Is It Time To Give Up On Your Workout? Here's How To Tell

Following the "no pain, no gain” mantra will guarantee you an injury sooner or later. Ignoring important pain signals coming from your body is not only ill-advised, but it can cause serious harm. Listening to your body is a better, healthier way to improve your strength, flexibility and performance.

You CAN achieve peak performance without pain or injury. When you workout, whether you are a part time or more regular athlete, heed the messages your body is sending, and get good at hearing those messages at their earliest stage — be aware of a slight ache, pull or fatigue.

Yet, most of us only stop when symptoms become severe and painful. If we learn to slow down or stop at the stage before this, we’ll have a powerful tool for preventing injury. If you pick up on the slight ache, the pull, or the area of fatigue quickly, you are practicing awareness of the body in a stage where you can do something about the problem.

Follow these steps to help break the belief of “no pain, no gain” and start listening to and protecting your body:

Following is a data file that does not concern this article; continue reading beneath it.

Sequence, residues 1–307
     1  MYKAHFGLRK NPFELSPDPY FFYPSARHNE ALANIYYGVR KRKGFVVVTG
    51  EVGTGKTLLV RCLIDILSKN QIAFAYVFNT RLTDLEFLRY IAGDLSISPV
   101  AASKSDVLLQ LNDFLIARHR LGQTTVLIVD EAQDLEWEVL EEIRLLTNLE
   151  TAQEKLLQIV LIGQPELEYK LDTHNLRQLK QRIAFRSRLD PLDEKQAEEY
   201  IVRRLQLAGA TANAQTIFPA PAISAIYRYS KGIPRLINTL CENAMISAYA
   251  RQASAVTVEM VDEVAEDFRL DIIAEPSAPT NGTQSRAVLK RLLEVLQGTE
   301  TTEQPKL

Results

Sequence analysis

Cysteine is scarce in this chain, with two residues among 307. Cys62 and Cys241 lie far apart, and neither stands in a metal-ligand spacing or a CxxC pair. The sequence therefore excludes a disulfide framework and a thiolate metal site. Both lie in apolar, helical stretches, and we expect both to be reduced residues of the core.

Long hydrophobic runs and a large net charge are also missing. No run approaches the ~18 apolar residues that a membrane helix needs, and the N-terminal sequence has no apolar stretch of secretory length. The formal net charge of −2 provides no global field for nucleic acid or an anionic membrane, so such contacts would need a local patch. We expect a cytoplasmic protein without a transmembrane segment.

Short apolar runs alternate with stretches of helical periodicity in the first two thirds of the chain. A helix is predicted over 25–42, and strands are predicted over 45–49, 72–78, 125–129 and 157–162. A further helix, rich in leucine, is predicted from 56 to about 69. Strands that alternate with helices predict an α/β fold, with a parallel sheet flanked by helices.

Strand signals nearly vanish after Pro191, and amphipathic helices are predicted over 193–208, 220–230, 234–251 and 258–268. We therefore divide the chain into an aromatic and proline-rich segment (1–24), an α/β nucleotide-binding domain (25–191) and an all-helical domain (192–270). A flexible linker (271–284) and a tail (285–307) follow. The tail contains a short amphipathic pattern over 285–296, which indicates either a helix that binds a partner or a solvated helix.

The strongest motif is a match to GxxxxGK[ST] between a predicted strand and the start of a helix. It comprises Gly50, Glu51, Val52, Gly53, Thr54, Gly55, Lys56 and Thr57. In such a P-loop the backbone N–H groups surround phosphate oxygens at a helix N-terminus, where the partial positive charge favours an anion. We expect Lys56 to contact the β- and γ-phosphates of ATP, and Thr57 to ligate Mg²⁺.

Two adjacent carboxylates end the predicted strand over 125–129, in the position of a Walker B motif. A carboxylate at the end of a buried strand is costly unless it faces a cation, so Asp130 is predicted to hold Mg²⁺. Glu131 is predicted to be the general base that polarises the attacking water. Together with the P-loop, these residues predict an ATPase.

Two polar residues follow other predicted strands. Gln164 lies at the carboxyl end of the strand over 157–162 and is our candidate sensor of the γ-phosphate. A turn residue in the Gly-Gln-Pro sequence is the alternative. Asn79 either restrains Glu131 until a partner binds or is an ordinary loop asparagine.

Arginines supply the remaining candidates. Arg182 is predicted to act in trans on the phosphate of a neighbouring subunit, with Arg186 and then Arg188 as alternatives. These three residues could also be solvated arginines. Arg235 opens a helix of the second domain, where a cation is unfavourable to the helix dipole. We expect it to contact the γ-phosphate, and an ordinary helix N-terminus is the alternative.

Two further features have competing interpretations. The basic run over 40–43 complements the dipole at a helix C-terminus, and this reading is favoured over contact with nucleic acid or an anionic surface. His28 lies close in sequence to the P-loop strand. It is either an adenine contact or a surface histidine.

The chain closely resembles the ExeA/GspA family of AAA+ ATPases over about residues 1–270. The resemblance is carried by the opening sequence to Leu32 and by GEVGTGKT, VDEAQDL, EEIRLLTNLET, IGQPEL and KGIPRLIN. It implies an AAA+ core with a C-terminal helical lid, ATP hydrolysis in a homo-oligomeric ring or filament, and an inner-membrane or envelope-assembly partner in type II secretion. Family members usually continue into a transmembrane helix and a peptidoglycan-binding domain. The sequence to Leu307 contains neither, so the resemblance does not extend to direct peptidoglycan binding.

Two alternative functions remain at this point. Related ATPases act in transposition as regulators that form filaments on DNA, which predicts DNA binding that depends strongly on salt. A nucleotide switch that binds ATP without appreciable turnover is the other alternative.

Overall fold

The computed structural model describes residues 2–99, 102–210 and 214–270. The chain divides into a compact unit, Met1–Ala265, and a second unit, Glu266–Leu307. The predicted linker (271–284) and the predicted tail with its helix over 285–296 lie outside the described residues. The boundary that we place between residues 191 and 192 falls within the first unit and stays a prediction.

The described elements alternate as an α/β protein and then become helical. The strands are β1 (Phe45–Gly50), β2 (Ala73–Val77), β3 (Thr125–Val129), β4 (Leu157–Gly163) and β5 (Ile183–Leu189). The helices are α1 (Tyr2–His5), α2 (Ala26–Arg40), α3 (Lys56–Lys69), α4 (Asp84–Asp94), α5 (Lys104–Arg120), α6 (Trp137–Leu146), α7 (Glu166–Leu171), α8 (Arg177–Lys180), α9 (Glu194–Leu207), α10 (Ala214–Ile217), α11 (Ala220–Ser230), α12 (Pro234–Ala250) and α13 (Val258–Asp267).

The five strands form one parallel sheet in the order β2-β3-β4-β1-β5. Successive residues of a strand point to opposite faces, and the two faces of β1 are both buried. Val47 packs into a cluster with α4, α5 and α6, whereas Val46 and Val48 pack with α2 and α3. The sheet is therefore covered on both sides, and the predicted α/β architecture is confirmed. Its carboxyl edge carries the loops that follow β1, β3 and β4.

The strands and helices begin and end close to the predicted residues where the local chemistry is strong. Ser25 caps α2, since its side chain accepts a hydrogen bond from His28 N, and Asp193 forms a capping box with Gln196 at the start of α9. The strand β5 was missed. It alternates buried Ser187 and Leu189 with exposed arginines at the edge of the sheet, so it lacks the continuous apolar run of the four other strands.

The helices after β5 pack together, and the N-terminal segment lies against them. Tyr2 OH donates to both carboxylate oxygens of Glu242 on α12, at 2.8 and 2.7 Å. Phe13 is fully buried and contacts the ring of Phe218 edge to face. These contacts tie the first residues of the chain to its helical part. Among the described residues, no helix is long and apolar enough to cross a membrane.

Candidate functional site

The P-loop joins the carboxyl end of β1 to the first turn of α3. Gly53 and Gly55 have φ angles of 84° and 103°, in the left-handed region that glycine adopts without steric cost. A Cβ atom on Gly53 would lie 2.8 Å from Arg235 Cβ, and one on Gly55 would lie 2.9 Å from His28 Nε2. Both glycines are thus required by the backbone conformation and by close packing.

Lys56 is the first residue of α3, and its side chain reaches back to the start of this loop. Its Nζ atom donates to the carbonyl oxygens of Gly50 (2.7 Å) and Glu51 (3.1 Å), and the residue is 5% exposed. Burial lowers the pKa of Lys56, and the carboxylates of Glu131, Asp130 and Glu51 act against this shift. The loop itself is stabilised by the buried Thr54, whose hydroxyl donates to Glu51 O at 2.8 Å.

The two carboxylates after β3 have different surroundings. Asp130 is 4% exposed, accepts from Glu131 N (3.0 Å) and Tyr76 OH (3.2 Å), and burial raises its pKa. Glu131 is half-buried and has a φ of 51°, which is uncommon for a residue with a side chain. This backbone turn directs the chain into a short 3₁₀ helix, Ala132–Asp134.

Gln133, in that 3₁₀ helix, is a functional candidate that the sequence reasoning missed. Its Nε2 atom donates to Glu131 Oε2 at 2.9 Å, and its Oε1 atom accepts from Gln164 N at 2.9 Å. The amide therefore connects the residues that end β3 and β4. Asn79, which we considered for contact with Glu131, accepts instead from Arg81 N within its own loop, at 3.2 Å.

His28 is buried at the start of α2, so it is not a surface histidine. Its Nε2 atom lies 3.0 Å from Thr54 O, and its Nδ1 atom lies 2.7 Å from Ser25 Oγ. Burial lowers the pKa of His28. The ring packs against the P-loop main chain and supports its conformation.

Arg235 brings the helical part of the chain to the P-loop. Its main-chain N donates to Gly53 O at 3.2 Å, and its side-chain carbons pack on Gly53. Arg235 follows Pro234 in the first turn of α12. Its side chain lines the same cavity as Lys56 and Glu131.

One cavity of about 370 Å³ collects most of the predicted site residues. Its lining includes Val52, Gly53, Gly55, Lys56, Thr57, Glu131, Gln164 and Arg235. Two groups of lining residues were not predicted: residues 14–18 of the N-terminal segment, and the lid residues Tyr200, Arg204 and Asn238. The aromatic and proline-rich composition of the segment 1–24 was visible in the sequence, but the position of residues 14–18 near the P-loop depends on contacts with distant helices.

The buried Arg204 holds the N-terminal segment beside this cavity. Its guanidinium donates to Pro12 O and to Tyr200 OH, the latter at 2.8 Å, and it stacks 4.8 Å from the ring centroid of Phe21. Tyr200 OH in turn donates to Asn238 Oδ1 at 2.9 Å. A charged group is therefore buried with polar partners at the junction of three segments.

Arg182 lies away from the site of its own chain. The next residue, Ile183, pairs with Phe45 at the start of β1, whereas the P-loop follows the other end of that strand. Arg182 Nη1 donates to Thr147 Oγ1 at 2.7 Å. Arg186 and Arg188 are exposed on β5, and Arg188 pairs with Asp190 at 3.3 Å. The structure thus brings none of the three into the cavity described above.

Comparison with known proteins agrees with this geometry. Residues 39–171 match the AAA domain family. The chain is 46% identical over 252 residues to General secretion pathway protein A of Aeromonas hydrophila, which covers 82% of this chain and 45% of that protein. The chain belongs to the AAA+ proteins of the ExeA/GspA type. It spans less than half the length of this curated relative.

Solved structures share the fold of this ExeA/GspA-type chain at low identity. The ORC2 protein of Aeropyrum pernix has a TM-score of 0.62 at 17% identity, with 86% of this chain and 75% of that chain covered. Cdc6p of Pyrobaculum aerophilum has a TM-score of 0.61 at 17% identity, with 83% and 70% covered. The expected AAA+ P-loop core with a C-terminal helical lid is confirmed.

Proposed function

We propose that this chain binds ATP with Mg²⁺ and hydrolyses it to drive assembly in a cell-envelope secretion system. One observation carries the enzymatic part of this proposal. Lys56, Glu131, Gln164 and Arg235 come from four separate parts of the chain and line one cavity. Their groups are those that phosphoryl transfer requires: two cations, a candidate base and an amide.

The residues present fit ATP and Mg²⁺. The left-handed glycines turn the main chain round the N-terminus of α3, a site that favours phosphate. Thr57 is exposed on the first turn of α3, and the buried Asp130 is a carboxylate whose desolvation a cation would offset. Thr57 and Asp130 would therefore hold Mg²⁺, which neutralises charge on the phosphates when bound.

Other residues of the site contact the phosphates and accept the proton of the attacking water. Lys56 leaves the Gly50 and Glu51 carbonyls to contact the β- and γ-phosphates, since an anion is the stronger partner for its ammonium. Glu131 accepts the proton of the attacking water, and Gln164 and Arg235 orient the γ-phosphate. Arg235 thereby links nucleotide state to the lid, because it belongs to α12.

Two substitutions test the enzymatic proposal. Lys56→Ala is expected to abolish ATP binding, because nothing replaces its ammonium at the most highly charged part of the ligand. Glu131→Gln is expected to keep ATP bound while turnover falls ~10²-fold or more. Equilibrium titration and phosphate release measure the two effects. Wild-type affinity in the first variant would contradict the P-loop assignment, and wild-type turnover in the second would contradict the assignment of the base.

1. Stop thinking that pain = progress.

Realize that “no pain, no gain” is an outdated, ineffective, possibly dangerous way to go about your workout routine. Begin by believing that there’s a healthier way.

2. Get more in tune with your body.

Start practicing feeling what it’s like to inhabit your body during the day. Feel what’s going on. Pay attention to what you notice. The practice of body awareness is your first and most important tool on the road to healing and improved performance.

3. Be more alert to aches and pain.

The next time you notice an ache, pull or fatigue in your body, recognize it as a quiet message to pay attention and actually listen.

4. Take steps to feel better.

Address the feeling you notice by resting, incorporating some pain-free cross training into your routine or seeking a movement professional for more complex or chronic conditions. Don’t ignore those messages! Taking action quickly will help you prevent the problem from getting worse.

I would like you to look at how you define pain and what your history and behavior have shown you. Take a close look at what you normally do when you feel pain. Are you feeling the signs before pain occurs? Do you push through your pain? What are your beliefs around this? How are they working for you and the goals you have for your body and performance? It could be time for a change!

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